The angel came down to earth bearing a message of peace. He swept over the pyramids of Giza and landed in the heart of Cairo. People gathered around to witness the heavenly being, capturing the moment through the camera lenses on their phones. The world watched this miracle unfold — taking in the angel’s magnificent wings, which arched off his back in a graceful curve. His skin glistened in the sun like fine copper while his hair fell below his shoulders in flowing locks like unkempt wool. And when he spoke, the people listened, for his voice was like the song of a nightingale bearing the promise of a brighter future. The angel spoke of love and peace, of fear and hatred, of humanity and the eternal light. His words reached the ear of the president, who feared his own stardom would be diminished. He ordered his intelligence agencies to act, and so they did. The angel made the evening news — they called him a criminal, an anarchist, a troublemaker, an outcast. They said he fled from Heaven under a cloud of shame, with the goal of chaos and war. They censored his speeches and erased his online presence. And still the angel stood in the heart of Cairo and called for freedom while the people listened with open hearts. In his growing fear, the president deployed the army, which surrounded the angel and took aim at his chest. The angel smiled for he knew the battle had been won. He removed a single daffodil from his pocket and planted it in the cement beneath his feet. He then spread his resplendent wings and took off, ascending the heavens, his purpose achieved.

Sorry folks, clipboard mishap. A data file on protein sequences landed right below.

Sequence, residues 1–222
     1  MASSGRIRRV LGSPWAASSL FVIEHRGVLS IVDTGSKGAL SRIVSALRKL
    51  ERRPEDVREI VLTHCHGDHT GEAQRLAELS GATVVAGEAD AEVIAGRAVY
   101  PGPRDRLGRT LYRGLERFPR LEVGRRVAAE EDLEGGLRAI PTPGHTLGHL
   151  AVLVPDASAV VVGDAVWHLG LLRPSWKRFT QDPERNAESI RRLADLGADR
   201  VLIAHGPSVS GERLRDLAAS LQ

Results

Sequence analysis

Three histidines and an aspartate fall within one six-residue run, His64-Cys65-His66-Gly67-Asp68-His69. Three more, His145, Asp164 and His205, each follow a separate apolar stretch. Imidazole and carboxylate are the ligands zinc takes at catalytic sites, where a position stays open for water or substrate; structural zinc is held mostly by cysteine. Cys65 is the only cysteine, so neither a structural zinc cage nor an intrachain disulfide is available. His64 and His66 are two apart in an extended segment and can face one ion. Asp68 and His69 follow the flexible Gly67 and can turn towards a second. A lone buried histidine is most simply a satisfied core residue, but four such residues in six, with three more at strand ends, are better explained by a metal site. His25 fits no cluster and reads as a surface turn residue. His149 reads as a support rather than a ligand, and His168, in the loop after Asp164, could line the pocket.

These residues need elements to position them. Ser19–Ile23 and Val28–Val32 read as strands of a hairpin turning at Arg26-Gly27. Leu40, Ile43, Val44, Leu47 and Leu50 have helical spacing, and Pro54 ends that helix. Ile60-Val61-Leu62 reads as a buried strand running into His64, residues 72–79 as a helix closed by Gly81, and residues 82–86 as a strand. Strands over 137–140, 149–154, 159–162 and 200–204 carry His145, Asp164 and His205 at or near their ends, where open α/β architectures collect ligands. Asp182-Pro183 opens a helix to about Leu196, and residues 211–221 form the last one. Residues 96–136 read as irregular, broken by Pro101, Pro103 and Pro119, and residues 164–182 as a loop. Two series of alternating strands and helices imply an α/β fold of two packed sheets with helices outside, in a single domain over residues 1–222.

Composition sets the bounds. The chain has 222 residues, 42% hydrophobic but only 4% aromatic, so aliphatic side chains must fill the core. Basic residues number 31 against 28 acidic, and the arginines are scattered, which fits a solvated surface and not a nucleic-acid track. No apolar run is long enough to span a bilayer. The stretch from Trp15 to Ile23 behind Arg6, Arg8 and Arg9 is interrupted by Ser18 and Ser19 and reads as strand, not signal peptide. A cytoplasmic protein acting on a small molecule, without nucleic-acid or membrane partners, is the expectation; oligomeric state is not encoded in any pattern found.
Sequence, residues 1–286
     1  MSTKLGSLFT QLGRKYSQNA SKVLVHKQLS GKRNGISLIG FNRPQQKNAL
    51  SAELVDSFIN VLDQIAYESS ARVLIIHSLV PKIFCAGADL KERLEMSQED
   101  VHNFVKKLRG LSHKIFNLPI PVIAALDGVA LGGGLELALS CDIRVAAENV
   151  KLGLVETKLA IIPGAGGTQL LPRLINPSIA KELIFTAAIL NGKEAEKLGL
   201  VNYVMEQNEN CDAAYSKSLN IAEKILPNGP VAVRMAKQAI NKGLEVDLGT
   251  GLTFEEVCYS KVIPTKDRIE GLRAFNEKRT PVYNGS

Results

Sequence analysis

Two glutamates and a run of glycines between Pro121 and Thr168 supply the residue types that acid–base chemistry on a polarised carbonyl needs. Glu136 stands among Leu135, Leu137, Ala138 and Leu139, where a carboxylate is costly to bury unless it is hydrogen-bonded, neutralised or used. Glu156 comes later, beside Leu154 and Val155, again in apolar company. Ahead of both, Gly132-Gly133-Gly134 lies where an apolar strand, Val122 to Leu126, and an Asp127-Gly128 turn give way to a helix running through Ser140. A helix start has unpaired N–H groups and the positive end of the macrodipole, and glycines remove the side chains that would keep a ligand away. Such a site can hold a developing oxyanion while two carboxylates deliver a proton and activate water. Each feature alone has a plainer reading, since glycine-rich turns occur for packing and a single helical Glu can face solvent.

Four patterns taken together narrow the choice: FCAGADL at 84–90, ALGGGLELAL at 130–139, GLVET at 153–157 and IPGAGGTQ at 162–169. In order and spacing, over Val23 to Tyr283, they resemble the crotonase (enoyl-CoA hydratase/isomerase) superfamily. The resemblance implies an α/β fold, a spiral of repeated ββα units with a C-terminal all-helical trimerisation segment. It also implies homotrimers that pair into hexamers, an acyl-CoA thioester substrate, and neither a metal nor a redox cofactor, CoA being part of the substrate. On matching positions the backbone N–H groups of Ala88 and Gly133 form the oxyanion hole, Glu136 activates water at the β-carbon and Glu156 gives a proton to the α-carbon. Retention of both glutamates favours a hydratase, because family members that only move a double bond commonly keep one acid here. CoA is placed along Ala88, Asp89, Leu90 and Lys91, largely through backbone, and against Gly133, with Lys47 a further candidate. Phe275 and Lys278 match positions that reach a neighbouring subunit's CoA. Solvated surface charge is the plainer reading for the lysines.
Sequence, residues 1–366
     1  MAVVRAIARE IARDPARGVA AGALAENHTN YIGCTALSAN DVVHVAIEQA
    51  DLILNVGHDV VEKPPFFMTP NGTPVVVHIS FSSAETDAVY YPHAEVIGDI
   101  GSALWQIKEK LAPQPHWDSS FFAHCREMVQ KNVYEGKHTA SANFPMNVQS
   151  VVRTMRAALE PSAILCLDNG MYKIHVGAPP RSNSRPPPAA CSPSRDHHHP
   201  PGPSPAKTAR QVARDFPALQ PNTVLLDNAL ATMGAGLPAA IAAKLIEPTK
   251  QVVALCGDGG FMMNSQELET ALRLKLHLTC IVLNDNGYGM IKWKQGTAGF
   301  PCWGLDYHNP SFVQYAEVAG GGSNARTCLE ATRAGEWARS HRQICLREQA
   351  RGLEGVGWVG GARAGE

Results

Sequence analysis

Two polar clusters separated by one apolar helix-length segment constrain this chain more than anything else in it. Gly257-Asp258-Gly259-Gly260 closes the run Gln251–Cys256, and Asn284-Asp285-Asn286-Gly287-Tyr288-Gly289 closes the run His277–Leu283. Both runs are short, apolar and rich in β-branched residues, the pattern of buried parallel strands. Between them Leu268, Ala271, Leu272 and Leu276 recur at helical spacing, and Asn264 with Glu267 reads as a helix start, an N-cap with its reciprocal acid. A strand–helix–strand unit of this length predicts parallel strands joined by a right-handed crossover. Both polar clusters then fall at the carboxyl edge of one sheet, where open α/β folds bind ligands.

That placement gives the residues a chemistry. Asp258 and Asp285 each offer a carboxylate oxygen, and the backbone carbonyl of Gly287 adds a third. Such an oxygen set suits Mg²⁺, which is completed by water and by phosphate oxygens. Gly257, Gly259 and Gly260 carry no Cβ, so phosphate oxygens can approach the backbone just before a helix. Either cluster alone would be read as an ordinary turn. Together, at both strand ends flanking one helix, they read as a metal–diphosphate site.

From “The Little Light that Escaped”
But I remember.
The scent of sun and ash, a taste of resin, blame. Summers across slanting floors and smiles like sickles for thoughts of flight. Abandoned streets and a feeling of sinking. Makeshift holes not far from the sea; closer in, the cicadas’ hum the whirl straight up to twilight’s hem, brittle wings which brought no breeze while all the rest were busy drinking, swallowing the searing-eyed, searing-tongued prophets and seers, and jaundicing into the yellow silence of the years. The tonal monotony of the land.
Days passing, just out of the reach of the sun. Days passing, in a basement room, watching the arc of the sun through a small square of sky. Tides of no turning. Blocks of light mosaiced while the slow days tasted of mineral, copper, rust.